- Heavy rainfall – Heavy rainfall is also a factor that can make your lawn acidic. If a lawn faces heavy rainfall it can run off of essential nutrients and minerals like calcium and magnesium which then make your lawn more acidic. Runoff is a common thing to every lawn in heavy rain areas, so if you are in one of these areas then you need to check your lawn acidity every 1-2 years and introduce lime according to the result.
If you are seeing one or more of the signs from above then you should make an effort to test your soil for acidity and find out where your lawn currently stands. Applying lime will ensure that you have taken a step in the right direction and make your lawn beautiful and healthy.
What pH level is good for my lawn
After you have done the testing for the pH level of your soil, how would you decide what is the best pH level that you should maintain in your lawn? Different grasses prefer different levels of pH balance in your soil. Kentucky bluegrass for example prefers a pH level between 6.0 to 7.0, so if you are growing Kentucky grass in your lawn then you should maintain a pH level between 6.0 to 7.0. On the other hand, fescue grass prefers an acidic lawn where the pH level can range between 5 to 5.5, these kinds of lawns are acidic and can cause grasses to die but are fine for fescue grass.
A rule of thumb for maintaining the pH balance for your lawn which every lawn enthusiast follows is to keep your lawn pH close to 7 and make your grasses access to the nutrients efficiently.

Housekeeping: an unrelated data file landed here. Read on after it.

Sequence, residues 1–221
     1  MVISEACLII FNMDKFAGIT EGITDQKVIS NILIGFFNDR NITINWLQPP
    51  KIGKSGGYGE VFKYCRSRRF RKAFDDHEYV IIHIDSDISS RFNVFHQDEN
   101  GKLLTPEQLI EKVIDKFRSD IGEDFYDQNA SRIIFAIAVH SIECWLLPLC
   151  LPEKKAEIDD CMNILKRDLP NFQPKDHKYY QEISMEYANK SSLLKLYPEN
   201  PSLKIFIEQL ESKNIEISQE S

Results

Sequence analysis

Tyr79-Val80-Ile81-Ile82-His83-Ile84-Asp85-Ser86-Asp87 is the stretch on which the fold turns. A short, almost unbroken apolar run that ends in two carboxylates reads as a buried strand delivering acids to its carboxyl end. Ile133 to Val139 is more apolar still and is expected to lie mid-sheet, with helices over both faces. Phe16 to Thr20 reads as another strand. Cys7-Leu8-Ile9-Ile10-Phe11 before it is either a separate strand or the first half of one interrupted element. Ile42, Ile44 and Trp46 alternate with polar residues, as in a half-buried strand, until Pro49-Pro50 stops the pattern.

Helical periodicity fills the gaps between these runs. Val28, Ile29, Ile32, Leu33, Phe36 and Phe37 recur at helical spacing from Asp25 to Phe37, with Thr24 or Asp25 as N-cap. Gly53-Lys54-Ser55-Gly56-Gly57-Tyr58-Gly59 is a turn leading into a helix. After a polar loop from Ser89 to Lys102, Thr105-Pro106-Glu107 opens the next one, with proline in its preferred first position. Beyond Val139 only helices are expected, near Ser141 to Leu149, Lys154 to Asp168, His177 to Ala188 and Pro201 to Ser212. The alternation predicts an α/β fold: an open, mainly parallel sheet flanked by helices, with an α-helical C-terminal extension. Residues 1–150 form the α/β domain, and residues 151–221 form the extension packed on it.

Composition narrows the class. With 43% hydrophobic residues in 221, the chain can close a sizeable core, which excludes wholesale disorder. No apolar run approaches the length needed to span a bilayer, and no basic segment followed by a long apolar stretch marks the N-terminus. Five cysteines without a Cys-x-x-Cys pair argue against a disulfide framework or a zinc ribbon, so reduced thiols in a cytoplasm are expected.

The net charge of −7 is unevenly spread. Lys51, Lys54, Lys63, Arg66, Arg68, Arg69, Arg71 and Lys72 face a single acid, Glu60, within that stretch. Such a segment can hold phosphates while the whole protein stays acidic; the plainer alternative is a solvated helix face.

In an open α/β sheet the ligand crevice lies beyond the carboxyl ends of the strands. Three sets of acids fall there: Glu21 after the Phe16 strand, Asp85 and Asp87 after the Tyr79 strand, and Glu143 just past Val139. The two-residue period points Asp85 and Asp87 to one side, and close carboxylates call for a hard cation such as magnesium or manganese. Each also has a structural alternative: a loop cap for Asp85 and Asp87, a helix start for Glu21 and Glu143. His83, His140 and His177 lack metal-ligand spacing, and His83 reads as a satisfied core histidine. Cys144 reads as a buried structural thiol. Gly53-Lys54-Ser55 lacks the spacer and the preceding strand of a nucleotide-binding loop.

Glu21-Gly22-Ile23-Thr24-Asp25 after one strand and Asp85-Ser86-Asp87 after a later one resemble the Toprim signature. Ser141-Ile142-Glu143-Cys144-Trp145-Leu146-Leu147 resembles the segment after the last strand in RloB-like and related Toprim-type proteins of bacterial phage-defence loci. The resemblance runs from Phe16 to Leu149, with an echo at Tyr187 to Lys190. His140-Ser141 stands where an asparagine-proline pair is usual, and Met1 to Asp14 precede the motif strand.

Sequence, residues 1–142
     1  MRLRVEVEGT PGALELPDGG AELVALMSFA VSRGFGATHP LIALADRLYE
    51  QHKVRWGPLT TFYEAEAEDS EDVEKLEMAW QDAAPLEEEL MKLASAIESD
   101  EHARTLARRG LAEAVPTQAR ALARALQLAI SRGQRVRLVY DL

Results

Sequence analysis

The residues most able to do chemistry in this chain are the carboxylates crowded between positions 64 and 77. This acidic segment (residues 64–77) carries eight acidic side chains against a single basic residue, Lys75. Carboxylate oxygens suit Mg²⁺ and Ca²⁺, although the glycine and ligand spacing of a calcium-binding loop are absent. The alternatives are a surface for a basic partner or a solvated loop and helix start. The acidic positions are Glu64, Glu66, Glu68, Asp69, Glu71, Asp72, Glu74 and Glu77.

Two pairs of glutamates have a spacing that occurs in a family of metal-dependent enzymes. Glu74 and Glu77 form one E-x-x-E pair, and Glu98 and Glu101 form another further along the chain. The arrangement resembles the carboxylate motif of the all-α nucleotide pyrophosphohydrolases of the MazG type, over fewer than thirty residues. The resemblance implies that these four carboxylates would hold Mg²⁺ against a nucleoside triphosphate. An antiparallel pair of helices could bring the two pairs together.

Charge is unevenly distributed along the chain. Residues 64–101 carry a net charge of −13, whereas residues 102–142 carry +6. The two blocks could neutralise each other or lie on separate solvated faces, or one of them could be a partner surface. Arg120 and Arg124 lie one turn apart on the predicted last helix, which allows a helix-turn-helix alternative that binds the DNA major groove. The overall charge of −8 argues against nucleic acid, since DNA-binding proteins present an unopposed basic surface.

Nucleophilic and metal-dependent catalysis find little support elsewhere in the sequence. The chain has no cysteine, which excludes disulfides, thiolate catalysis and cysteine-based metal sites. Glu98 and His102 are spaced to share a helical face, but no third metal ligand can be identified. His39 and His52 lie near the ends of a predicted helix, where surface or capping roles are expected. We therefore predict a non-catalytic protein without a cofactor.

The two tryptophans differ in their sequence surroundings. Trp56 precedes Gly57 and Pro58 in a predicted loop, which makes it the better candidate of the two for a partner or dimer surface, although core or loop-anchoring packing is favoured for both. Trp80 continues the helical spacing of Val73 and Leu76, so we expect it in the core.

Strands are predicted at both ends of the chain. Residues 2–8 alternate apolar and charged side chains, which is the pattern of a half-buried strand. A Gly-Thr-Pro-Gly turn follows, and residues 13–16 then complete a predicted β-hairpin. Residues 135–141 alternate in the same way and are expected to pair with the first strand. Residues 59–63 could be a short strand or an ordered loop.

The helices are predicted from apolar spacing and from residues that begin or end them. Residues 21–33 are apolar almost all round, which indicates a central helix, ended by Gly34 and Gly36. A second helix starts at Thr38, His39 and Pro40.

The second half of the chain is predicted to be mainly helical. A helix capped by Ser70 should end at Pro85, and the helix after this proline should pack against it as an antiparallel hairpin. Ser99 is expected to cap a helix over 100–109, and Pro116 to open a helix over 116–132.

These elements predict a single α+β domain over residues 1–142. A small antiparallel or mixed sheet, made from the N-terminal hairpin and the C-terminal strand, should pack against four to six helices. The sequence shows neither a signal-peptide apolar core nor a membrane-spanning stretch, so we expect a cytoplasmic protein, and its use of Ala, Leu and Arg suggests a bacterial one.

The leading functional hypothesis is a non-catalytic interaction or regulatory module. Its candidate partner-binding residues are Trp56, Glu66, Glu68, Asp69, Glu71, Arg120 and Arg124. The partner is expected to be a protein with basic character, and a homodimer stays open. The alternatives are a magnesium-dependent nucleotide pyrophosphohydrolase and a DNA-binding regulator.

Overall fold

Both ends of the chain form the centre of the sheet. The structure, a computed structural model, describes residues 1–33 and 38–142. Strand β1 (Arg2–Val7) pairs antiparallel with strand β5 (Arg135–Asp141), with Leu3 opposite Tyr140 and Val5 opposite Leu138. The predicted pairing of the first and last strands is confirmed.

One thing to keep in mind is that a high level of pH is also bad for your lawn and can make your lawn alkaline which can also make some serious issues to the lawn.
How to test your soil
The best way to know about your lawn soil is to test it. There are two ways you can test your lawn soil.
- Do it yourself kit
- Lab test
Let’s talk about both of them in detail:
Do it yourself kit – A basic DIY kit shows you about the soil’s acidity and alkalinity. So you just need to buy a testing kit from a nursery or amazon and you are good to go. Follow the instructions written on the kit properly and you will know about acidity in your soil in 15 to 20 minutes. Remember that these kits give you only a rough estimate of the pH of your soil and not an accurate result.
Have a lab test – Having a complete soil test is a good way to know all about your lawn soil. From its pH level to what nutrients it has and in what quantity is very helpful for you to maintain your lawn and provide it with better fertilizer and nutrients that it needs.
What to do if your lawn is acidic
If you find your lawn to be acidic and want to neutralize it, apply lime to the soil. Lime restores the pH level of the soil and brings it back to the optimal level for your lawn to become healthy and beautiful. Fall and spring is the best time for applying lawn as it takes time for the lime to break down and restore the pH level of the soil.
What is lime?
Lime is a component that is mined from underneath the earth and It is made from pulverized limestone. It mainly consists of two things, the first one is calcium and the other magnesium which reduces soil acidity in the soil. These lime extracts are non-toxic to the environment and are used for many agricultural practices.
There are two types of lime used in lawn
Calcite lime- which is considered to be a standard for every lawn to decrease acidity because it contains high amounts of calcium.
Dolomite lime – this type of lime is also used to reduce lawn acidity but it contains much higher levels of magnesium, so if the lawn has magnesium deficiency then this lime is preferred by the keeper.
You can use any one of these two as they will both reduce soil acidity and make your lawn healthy and beautiful. It’s always recommended to go for the most cost-effective options as they will be sufficient for a lawn.